Baz posted:

I enjoyed that series ....roll on Spring 

Yes, it's always interesting. Have caught up with Thursday and Friday.

 

Have been trying to figure out the difference between ch = ck sound and ch = Scottish ch sound. It's very subtle.

CK is produced when the tongue is pressed firmly against the back teeth and the tip is sort of dropped down from the roof of the mouth without actually having been touching it.

The Scottish ch has the tongue in a similar position but not as tightly against the teeth and the tongue is kept still and straight with the breath sort of forced over the tongue.

 

Don't know if that'll help any 'non-Scot' suddenly be able to produce our .ch. sound, but it is the best description I could come-up with.

Extremely Fluffy Fluffy Thing posted:
Baz posted:

I enjoyed that series ....roll on Spring 

Yes, it's always interesting. Have caught up with Thursday and Friday.

 

Have been trying to figure out the difference between ch = ck sound and ch = Scottish ch sound. It's very subtle.

CK is produced when the tongue is pressed firmly against the back teeth and the tip is sort of dropped down from the roof of the mouth without actually having been touching it.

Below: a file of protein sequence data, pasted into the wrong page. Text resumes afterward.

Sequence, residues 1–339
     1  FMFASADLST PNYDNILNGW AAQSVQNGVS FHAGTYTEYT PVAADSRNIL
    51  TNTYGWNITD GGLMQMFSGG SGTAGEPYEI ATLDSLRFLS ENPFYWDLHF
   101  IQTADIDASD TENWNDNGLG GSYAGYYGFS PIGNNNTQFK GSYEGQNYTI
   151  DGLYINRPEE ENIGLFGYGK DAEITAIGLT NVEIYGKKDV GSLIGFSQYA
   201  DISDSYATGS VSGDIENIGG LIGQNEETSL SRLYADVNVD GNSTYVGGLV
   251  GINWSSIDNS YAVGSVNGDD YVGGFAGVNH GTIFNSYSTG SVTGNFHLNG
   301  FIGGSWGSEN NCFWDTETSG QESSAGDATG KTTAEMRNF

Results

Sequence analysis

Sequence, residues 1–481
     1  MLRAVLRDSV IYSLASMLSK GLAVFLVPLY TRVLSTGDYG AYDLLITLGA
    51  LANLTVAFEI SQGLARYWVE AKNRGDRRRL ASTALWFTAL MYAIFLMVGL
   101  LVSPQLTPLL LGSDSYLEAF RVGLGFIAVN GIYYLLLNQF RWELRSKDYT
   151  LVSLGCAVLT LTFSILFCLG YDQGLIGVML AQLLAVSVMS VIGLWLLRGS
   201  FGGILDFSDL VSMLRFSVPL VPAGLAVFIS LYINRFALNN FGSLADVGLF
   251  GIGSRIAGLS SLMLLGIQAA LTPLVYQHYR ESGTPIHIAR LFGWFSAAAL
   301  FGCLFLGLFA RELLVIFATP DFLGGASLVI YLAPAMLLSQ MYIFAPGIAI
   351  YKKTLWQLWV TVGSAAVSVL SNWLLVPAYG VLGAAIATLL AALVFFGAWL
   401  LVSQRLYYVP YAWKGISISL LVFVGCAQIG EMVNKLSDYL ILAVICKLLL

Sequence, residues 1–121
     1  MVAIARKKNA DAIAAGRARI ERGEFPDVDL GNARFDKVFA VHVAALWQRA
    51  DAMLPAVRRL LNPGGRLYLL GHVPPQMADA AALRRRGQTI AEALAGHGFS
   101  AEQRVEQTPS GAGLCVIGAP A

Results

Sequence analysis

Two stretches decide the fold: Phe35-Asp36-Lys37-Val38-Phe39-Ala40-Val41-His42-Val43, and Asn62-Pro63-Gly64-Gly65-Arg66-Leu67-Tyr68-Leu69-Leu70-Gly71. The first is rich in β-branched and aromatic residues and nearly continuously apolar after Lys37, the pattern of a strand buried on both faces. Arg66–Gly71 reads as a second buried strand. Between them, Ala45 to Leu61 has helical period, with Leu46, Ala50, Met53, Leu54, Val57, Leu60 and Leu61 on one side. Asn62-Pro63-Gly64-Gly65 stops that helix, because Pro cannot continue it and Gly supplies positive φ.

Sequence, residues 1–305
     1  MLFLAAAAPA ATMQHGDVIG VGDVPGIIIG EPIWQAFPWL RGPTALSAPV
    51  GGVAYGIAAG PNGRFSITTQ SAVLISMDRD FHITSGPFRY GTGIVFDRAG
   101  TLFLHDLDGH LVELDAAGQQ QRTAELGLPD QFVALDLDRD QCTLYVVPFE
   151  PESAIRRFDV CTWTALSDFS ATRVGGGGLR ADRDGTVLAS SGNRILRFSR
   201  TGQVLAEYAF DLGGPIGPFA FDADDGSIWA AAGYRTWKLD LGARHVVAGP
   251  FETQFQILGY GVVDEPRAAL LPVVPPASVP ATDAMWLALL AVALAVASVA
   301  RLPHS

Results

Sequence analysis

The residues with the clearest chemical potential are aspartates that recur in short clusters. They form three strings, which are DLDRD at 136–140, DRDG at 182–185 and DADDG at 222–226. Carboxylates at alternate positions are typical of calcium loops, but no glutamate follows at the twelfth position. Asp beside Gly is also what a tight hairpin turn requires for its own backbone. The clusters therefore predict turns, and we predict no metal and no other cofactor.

The Scottish ch has the tongue in a similar position but not as tightly against the teeth and the tongue is kept still and straight with the breath sort of forced over the tongue.

 

Don't know if that'll help any 'non-Scot' suddenly be able to produce our .ch. sound, but it is the best description I could come-up with.

Extremely Fluffy Fluffy Thing posted:
Baz posted:

I enjoyed that series ....roll on Spring 

Can you contain yourself for 4 months? It's usually the end of May.

Thanks EFFT 

Extremely Fluffy Fluffy Thing posted:
Baz posted:

I enjoyed that series ....roll on Spring 

Yes, it's always interesting. Have caught up with Thursday and Friday.

 

Have been trying to figure out the difference between ch = ck sound and ch = Scottish ch sound. It's very subtle.

CK is produced when the tongue is pressed firmly against the back teeth and the tip is sort of dropped down from the roof of the mouth without actually having been touching it.

The Scottish ch has the tongue in a similar position but not as tightly against the teeth and the tongue is kept still and straight with the breath sort of forced over the tongue.

 

Don't know if that'll help any 'non-Scot' suddenly be able to produce our .ch. sound, but it is the best description I could come-up with.

Mr Y describes our ch sound as “clearing your throat”

You ought to hear him say Lochwinnoch or Auchtermuchty.

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Yogi19MoonieBaz
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